Nonetheless, many human beings still tend to think of laws of nature as powers or as causes in the true sense of having power to initiate change (EAP, 211). They observe constant conjunction, events constantly following others in similar circumstances, such as heat and ice melting. However, they do not perceive the real connection between these events. “Antecedent to experience,” Reid writes, “we should see no ground to think that heat will turn ice into water any more than that it will turn water into ice” (Of Power, 7). And yet the tendency is to attribute to laws of nature behind these events the same productive powers we attribute to agents. But, Reid argues, Newton himself was correct to write that a little reflection will clearly show that laws of nature cannot produce any phenomenon “unless there be some agent that puts the law in execution” (Of Power, 7). It is as absurd to attribute agency to laws of nature as it is to attribute agency to beings who lack will and understanding. However, one may continue to use the word ‘cause’ to refer to events constantly preceding others according to the laws of nature, or to refer to the laws themselves, but one must recognize, Reid insists, that such a use is a popular and improper use of the term.
We do not observe active power in inanimate beings, and we do not perceive such a productive power in the laws of nature. Still, human beings all believe that beginning of existence, order and purpose require an efficient cause (4 b.i) Our causal beliefs, Reid argues, are teleological—we assume there is purpose and activity behind events in nature. Our context, education, bad science, or certain kinds of religion or philosophy might then lead us to give up such teleological beliefs. But, for Reid, careful attention to those beliefs that are presupposed behind our arguments and practices will reveal that human beings all have the (legitimate) tendency to think of nature as purposeful.
For Reid, laws of nature express purpose because they are expressions of divine character traits. Every agent who forms resolutions and fixed purposes will tend to act in a regular manner (section 2.b). Since natural events do not have any productive capacity, since the laws of nature are not productive powers, since all change and beginning of existence requires an efficient cause, and since human agents are not these efficient causes, there must be another agent behind the existence and motion of nature, God. Events in nature follow regular courses of action, which, like all regular courses of actions, express the character traits or fixed resolutions of an agent: the Author of nature. We do not know exactly how this efficient cause acts in nature, Reid points out (EAP, 210). He might have acted once, or might act in all changes, or act through intermediary agents. But “it is sufficient for us to know, that, whatever the agents may be, whatever the manner of their operation, or the extent of their power, they depend upon the first cause, and are under his control; and this indeed is all that we know; beyond this we are left in the darkness” (EAP, 30). In conclusion, therefore, efficient causes are agents, beings with active power, will and understanding. Events in nature and inanimate objects are not agents, and hence are called ‘causes’ in a popular sense only, but they require an efficient cause, an agent who acts orderly and purposefully.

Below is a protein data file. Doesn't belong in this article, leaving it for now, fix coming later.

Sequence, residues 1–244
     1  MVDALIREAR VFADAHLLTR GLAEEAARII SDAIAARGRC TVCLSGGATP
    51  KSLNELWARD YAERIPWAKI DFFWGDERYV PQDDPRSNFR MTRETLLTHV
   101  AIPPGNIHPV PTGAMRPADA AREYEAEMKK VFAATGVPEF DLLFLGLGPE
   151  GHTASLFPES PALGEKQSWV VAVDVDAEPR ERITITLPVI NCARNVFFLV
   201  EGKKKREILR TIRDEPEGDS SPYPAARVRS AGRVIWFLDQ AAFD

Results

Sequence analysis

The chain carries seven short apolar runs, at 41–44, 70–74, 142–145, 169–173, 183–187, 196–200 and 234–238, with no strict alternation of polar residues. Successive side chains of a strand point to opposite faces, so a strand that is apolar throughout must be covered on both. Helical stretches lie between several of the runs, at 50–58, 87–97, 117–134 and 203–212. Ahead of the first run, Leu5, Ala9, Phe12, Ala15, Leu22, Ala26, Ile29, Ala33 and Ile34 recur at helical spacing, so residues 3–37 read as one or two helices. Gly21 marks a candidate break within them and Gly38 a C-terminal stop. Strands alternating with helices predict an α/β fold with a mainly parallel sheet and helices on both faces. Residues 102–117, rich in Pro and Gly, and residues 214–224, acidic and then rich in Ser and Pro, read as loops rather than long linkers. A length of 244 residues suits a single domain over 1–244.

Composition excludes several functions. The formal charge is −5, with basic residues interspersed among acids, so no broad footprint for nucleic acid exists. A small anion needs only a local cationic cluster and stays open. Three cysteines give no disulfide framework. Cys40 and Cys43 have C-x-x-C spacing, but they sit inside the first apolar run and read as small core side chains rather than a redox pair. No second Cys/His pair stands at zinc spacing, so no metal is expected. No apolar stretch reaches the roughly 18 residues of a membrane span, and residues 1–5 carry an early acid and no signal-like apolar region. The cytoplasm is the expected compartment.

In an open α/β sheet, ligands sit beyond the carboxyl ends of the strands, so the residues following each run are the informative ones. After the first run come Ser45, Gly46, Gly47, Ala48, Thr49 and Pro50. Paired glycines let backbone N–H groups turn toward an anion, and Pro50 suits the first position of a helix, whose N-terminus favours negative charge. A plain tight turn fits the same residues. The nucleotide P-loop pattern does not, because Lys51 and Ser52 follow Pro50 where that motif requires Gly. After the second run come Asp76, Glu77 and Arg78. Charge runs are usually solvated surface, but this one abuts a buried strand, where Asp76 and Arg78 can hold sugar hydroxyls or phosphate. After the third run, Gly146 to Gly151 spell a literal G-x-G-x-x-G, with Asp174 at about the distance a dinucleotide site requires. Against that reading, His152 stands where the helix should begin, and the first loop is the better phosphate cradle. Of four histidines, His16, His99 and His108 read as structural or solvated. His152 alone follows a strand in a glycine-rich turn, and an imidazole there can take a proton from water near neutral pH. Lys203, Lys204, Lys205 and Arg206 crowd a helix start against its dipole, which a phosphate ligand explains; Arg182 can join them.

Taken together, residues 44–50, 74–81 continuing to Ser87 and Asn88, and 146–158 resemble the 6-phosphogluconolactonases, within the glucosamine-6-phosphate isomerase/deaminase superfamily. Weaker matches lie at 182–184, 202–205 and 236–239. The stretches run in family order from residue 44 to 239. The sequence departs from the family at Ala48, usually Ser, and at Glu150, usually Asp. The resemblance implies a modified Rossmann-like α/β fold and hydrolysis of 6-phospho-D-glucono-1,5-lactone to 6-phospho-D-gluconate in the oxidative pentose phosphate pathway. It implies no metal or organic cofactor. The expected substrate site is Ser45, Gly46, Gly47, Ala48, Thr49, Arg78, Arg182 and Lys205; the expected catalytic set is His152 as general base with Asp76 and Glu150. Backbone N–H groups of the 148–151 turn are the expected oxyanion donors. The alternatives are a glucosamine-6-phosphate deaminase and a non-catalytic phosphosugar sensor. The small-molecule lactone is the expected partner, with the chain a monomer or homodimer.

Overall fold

iii. Principles of Action and Causation
In opposition to his ‘necessitarian’ opponents, Reid argues that the rational principles of action that motivate human agents in their choices and actions are not causes (in any sense of the term). The opponents Reid confronts directly are David Hume and Joseph Priestley, but he also has in mind philosophers such as Locke, Collins, Leibniz, and Spinoza. All of these philosophers held, according to Reid, that the will is not free, but that human choices and decisions are determined, necessarily, by the strongest, or, under some views, the best, motive.
In Reid’s account, the two great categories of motives or principles of action are the animal and the rational ones. Reid points out animal motives may function as physical causes do, but only in cases where the agent has no power. In cases of torture, or of madness, human beings may lose all power of self-government and of action. In such instances we do not hold them responsible for their actions (although we might hold them responsible for previous actions which were in their power) because we recognize that the animal motive (pain, fear, etc.) was irresistible. For this reason Reid concludes that when a person discloses an important secret by the agony of the rack, for example, we pity him more than we blame him (EAP, 57-58). If the person with strength of mind succeeds in resisting the passion (the fear of pain, for instance), we impute the action to the person. If the person fails after trying, we impute the action more to the passion than to the person, and we blame the person in proportion to a person’s capacity to resist passions (EAP, 59). The extent to which we have power to act is inversely proportional to the influence of animal motives. Animal motives, therefore, may act as physical causes, but never as efficient causes, since events or mental states are not beings with power and understanding.